FBI memo: agents can “bend or suspend the law and impinge upon the freedoms of others”

By End the Lie

(Image credit: John B. Snyder)

It has now emerged that the United States Federal Bureau of Investigation (FBI) formally taught their agents that they were able to “bend or suspend the law and impinge upon the freedoms of others” in their quest to find alleged terrorists and criminals.

It gets even worse when we read that they claim they have “the ability to gather information on individuals which would normally be protected under the US Constitution through the use of FISA, Title 3 monitoring, NSL reports, etc.”

While the FBI’s extrajudicial assaults on the freedoms of Americans is nothing new, along with the federal government’s insane expansion of authority into unthinkable realms including the power to assassinate Americans at will, these discoveries are especially troubling.

According to Wired’s Danger Room, the FBI claims they simply didn’t mean it and since have removed the offending document from their counterterrorism training curriculum, characterizing it as an “imprecise” instruction.

This explanation is hardly surprising given that the Department of Defense made similar claims after it emerged that their training materials explicitly classified protesting as an act of “low-level terrorism.”

“Dismissing this statement as ‘imprecise’ is a rather unsatisfying response given the very precise lines Congress and the courts have repeatedly drawn between what is and is not permissible, even in counterterrorism cases, over the past decade,” Steve Vladeck, a national-security law professor at American University, said to Danger Room.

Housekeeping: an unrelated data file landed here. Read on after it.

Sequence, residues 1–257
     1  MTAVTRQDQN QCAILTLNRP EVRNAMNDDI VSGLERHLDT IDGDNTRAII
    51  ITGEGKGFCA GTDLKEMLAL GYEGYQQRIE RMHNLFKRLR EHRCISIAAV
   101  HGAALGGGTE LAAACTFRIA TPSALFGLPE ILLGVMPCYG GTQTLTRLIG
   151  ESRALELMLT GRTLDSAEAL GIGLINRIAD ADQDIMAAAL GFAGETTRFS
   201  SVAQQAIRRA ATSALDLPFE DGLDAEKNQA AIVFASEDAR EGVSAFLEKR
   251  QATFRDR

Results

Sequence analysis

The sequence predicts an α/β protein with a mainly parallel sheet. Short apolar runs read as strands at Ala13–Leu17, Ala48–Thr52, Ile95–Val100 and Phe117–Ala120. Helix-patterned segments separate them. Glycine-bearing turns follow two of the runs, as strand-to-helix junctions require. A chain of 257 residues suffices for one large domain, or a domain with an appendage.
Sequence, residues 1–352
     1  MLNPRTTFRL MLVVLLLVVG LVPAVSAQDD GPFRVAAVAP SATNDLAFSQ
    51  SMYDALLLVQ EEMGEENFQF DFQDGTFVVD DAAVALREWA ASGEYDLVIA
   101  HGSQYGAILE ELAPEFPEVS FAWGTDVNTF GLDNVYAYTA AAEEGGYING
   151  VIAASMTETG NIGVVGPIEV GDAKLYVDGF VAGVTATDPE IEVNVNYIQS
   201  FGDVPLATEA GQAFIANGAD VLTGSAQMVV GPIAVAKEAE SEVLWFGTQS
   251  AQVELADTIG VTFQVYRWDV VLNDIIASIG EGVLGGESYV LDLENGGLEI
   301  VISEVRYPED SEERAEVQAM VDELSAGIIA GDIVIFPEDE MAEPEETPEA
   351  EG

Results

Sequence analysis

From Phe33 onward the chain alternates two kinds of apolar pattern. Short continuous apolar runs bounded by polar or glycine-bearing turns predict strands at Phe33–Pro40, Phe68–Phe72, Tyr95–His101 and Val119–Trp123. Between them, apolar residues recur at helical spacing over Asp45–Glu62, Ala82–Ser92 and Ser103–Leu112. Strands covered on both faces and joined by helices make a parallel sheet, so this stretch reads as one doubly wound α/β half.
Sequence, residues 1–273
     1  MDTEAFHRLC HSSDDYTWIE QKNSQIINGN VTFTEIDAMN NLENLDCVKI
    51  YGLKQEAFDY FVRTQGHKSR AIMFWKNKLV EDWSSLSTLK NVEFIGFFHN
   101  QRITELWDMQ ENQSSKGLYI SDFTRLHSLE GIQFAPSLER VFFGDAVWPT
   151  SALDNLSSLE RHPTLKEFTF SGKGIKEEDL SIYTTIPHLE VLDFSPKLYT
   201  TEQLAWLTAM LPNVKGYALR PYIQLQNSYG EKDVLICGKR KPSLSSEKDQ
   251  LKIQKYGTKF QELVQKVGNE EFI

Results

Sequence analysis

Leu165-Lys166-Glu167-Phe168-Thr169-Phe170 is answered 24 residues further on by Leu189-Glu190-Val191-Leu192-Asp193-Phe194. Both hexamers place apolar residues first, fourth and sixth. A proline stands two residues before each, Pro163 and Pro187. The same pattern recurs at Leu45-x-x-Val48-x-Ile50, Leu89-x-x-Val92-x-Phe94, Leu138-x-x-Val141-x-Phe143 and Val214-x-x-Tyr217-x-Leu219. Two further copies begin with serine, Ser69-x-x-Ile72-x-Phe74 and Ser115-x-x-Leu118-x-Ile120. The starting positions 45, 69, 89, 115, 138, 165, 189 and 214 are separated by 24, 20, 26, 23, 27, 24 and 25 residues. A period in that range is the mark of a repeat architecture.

“It might technically be true that the FBI has certain authorities when conducting counterterrorism investigations that the Constitution otherwise forbids, but that’s good only so far as it goes,” he added.

However, I think that the lines drawn by Congress have been woefully incomplete, especially given the fact that it is unusual for one of our so-called representatives to actually stand up for our rights against an increasingly infringing federal government.

Even when they do, their efforts far too often fall short of the mark, as evidenced by Representative Landry’s attempt to amend the National Defense Authorization Act for Fiscal Year 2012 to protect Americans from indefinite detention.

As evidence of the fact that they really do not care about these “imprecise” instructions, the FBI has not taken a single disciplinary action against any instructor involved.

Furthermore, they did not even say that the agents who had been exposed to such ludicrous training materials would undergo re-training.

This intensive six-month-long review of counterterrorism training materials conducted by the FBI did not even result in a review of any and all intelligence reports which would have been influenced by the “imprecise” training materials.

“This is not an effective way to protect the United States,” Senator Richard Durbin, a member of the Senate Judiciary Committee overseeing the FBI, told Danger Room about the inappropriate FBI counterterrorism training.

“It’s stunning that these things could be said to members of our FBI in training. It will not make them more effective in their work and won’t make America safer.”

A letter send by Senator Durbin to Robert Mueller, the Director of the FBI, showed images from one of the FBI’s instructional materials which stated, “Under certain circumstances, the FBI has the ability to bend or suspend the law to impinge on the freedom of others.”

“Time and time again when that is done, it has not made us safer,” Senator Durbin added.

Some of the training materials aren’t so much disturbing as they are somewhat hilarious, like the “Establishing relationships” slide which tells agents: “Never attempt to shake hands with an Asian” and” “Never stare at an Asian.”